Q. Brian, last night you had a moment where you were on court with Justine. She wanted to keep playing. You kind of said, "You know you can't play in this." We know all the policies. Can you talk a little bit about the emotions of you when you're out there, the players, when they're out there, they've been here all day, they want to play, but it's a safety issue.

BRIAN EARLEY: What it started with was I asked her if she thought it was raining. Because I said, "I really can't tell, but it feels like it is. I want to make sure. I'm willing to have you stay." She said, "No, no, we want to play. We want to play." It puts you in a tough position. I go back to the Mary Joe and Venus thing that happened many years ago. So I have been so conservative since that time. I've actually, you know, said, "Look, we're just not going out there." Last night she said, "It's not raining hard enough." I said, "Well, yeah, yeah. Everybody wants to play. I'm not seeing a lot of water on the court, let's go. But you've got to stop if you feel it's dangerous." You know, I stood out there for a little bit then said, "Okay." Again, the players don't make the decision but they do have input. We do communicate with them. That was kind of a fun, you know, a fun thing. But by the same token, we've really got to look out for their safety.

Q. Can you talk about that too, Arlen, the emotional element for you guys and the players, how frustrating this has been.

ARLEN KANTARIAN: You know, it's tough. But I'll tell you, the cooperation level from the players has been tremendous. Jim and Brian have done a great job keeping people alive and well and entertained in that players' lounge. I don't know if you've been able to make it up there. That helps us. I think that this group feeds off the reaction of the players and of the fans. We had fans - for those of you that were in the stadium last night, the fans that stayed with us were cheering every time we made an announcement as to what the USTA's policy was. I don't know if I saw you in that Congo dance up in the aisles in Arthur Ashe, but we were really having fun last night. This group feeds off that. If we can keep the players happy, if we can keep the fans happy, we're happy. So far, so good. So hats off to the players and to this New York crowd and to the media.

Q. You mentioned a feasibility study with Ashe stadium. Have you looked into or will you look into the other stadiums also? Also maybe even the indoor practice courts?

ARLEN KANTARIAN: It's a good question. First of all, in terms of practice courts, one of the reasons we brought in a master planner was to look at the renovation, restructuring, possibly rebuilding of our current indoor tennis facility out by the east gate. Certainly a priority for us, not only for the Open and indoor practice courts, but also for year-round play with an additional five to six courts. It does introduce an interesting alternative that if we were to cover one of the stadiums, that maybe it not be Arthur Ashe Stadium, maybe it be Louis Armstrong, the grandstand court, so we can keep at least one show court from a television standpoint or otherwise, going. Good question. That is a fall-back that will be part of the feasibility study.

Q. Arlen or Brian, what would be the drop-dead date by which you can't complete the tournament on Sunday and you really have to look at extending it?

ARLEN KANTARIAN: I'm not sure we know that today. Brian, do you want to take a shot?

BRIAN EARLEY: The rule of thumb is that you play a singles match, the most you can play is one singles match in a day - that doesn't mean that we wouldn't, you know, as pieces of matches are played. We've played pieces of matches and then gone on to play a second singles match in a day. Again, you have to, you know, the rule of thumb is one thing; and then what really happens is another. I don't really think we can go there yet.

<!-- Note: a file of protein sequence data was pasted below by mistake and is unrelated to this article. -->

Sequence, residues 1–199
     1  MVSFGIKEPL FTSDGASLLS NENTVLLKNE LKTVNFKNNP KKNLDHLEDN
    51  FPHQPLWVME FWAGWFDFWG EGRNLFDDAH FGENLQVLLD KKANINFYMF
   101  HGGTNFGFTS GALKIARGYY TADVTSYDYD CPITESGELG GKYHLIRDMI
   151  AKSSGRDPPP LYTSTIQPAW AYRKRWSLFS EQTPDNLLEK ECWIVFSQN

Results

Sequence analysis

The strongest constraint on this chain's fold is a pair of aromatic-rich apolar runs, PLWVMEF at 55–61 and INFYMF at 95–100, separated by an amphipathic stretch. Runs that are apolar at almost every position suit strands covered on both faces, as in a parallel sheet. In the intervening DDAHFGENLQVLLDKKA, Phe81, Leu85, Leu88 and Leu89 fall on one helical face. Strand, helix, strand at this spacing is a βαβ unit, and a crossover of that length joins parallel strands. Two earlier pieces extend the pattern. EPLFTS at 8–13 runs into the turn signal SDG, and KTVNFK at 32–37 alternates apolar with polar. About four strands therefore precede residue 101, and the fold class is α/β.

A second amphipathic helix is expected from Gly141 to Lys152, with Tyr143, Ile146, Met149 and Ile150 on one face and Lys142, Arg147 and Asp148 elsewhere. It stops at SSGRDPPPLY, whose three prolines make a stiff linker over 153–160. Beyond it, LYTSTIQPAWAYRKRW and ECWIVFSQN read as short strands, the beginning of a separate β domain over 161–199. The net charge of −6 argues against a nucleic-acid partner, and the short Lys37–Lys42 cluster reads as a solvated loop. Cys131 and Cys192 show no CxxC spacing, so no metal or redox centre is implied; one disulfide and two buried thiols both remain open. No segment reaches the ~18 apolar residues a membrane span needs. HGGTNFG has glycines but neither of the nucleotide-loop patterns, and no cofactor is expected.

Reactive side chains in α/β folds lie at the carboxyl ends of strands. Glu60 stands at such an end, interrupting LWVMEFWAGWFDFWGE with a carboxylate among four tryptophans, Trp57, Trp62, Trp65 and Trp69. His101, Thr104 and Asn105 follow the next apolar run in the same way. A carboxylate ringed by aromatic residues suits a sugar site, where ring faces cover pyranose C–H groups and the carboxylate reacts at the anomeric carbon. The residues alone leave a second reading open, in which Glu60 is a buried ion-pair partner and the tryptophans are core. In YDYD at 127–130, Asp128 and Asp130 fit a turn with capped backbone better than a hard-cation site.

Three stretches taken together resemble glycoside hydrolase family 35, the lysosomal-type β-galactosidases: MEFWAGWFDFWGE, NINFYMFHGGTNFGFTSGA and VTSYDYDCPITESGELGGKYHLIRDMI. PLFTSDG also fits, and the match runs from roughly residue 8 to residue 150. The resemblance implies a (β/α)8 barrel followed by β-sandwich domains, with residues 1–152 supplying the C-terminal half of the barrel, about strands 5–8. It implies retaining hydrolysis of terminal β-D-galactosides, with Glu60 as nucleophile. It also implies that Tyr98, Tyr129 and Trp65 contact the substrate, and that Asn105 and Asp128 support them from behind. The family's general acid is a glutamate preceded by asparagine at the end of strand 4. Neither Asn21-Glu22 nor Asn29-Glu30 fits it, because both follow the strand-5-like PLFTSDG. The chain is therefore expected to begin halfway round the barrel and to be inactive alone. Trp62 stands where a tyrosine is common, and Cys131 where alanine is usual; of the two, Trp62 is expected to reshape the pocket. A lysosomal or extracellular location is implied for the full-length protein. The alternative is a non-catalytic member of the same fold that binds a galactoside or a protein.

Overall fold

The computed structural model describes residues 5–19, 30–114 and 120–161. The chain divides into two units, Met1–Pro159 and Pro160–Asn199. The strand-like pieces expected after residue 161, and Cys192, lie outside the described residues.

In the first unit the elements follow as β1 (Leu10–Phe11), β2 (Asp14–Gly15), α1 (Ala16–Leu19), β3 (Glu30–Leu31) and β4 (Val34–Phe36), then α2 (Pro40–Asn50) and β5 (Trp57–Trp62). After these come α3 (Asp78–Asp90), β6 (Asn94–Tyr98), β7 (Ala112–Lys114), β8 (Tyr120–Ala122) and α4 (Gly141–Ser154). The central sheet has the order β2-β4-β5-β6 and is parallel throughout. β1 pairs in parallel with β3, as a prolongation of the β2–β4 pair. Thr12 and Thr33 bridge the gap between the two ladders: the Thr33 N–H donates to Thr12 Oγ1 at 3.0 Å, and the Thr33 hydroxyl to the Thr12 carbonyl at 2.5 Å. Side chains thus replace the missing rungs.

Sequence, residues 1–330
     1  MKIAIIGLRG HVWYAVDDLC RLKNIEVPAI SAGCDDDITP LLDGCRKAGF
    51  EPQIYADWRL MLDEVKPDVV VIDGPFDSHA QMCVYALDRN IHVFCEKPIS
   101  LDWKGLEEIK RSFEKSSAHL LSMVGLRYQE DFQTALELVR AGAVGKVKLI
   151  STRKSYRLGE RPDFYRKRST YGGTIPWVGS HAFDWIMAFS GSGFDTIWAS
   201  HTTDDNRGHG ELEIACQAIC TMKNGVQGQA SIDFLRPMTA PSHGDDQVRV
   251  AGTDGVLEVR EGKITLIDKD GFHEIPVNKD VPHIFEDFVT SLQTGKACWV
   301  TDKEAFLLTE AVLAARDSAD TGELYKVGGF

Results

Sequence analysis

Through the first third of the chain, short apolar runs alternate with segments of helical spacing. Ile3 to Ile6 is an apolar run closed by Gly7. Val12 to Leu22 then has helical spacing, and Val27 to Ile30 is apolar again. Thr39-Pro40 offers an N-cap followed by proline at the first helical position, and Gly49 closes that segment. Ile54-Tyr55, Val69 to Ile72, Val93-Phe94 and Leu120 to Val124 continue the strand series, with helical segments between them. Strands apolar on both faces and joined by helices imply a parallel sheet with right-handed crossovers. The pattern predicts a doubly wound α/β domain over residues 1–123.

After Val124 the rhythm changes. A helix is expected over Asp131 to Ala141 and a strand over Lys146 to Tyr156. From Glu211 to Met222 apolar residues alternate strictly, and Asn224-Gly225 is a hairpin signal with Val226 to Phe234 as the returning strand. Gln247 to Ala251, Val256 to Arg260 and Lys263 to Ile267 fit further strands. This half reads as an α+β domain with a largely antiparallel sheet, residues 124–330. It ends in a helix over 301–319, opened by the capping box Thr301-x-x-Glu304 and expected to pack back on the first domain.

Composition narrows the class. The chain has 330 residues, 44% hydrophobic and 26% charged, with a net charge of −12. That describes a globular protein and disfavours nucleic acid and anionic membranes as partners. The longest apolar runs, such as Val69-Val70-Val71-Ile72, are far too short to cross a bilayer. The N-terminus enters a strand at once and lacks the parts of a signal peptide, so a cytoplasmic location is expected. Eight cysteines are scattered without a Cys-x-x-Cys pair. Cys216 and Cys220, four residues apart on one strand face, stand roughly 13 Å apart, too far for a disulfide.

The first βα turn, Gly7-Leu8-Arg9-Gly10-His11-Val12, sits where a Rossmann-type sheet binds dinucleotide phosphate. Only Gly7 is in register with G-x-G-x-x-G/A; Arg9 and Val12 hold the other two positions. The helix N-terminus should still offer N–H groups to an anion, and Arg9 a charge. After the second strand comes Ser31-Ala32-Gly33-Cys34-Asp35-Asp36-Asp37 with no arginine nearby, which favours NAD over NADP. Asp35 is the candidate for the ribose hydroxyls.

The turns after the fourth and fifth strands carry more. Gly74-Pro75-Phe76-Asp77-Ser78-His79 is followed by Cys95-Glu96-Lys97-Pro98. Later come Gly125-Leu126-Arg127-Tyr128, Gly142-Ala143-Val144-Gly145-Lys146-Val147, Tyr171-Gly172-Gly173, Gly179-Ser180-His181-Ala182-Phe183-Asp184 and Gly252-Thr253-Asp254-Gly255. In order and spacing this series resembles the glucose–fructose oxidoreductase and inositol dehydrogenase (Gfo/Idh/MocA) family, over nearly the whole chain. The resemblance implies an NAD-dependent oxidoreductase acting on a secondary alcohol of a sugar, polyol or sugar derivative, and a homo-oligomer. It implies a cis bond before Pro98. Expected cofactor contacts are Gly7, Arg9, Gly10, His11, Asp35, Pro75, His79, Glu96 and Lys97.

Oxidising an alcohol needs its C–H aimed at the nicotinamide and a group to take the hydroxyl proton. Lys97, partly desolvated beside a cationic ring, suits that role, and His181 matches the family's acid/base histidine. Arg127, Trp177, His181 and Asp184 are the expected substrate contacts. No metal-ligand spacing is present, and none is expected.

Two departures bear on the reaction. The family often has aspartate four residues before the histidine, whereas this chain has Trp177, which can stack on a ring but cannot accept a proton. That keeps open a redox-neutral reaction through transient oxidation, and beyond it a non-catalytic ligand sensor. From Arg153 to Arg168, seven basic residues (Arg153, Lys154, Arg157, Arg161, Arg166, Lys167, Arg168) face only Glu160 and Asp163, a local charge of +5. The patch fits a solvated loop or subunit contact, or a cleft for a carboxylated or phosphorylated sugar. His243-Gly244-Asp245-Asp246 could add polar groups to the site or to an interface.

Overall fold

Q. You used the expression 10 percent from today to tonight. Are you talking about a 10 percent chance of continued rain or 10 percent chance of no rain?

BRIAN EARLEY: Sounds like... I'm just saying they were -- the one forecast said 10 percent chance of showers. When I called them and asked them, he said, "Yeah, it's a 10 percent chance of showers but the conditions are right for what you have now." That was the point I was making, that the weather forecast is one thing, but what we have can be somewhat different.

Q. If you're in a frantic situation, would you schedule...

BRIAN EARLEY: Frantic what?

Q. Catch-up situation, would you schedule a separate night session for Friday and sell tickets for it, or would you just continue playing on? Have you thought about that yet?

ARLEN KANTARIAN: I think that's one of those one-day-at-a-time questions. That is not the current plan. In a situation like this, that we've never been in before, we would never say "never." It's crossed our mind as a possibility. I don't think we'll have to address whether that's necessary or not till at least another 24 hours from now.

Q. From an economic standpoint, how much does a wash-out cost the USTA?

ARLEN KANTARIAN: I don't have those numbers offhand. It's a question that lends itself to the ticket exchange policy, food/beverage concessions, etc., etc. I'll give you a two-word answer and leave it at that - a lot.

Q. Given that your situation is going to be exacerbated with the weather, are you seriously reviewing "Super Saturday"? You talk about putting the players' needs first. So many of them come in here and say it's ridiculous to play two men's semis, one first, one last, then play the final. Do you think it's time to review the situation?

ARLEN KANTARIAN: Yes, we think it's been time to review that for a while now, as you know. It doesn't have much to do with the rain situation. But, certainly from a player fairness standpoint, I know Brian's been for investigating that, and as you know, I think in the next year, we will continue to discuss that issue with our television partners. We are for it from a player perspective. We do think the Saturday, "Super Saturday" situation with regards to what used to be one-day session event, two men's finals and two men's semis and the women's finals, is now advantageous to the women and the fans. It gave the women more rest between matches, one of several benefits. That's step one. We will continue to look at different scheduling options, continue to take a look at that.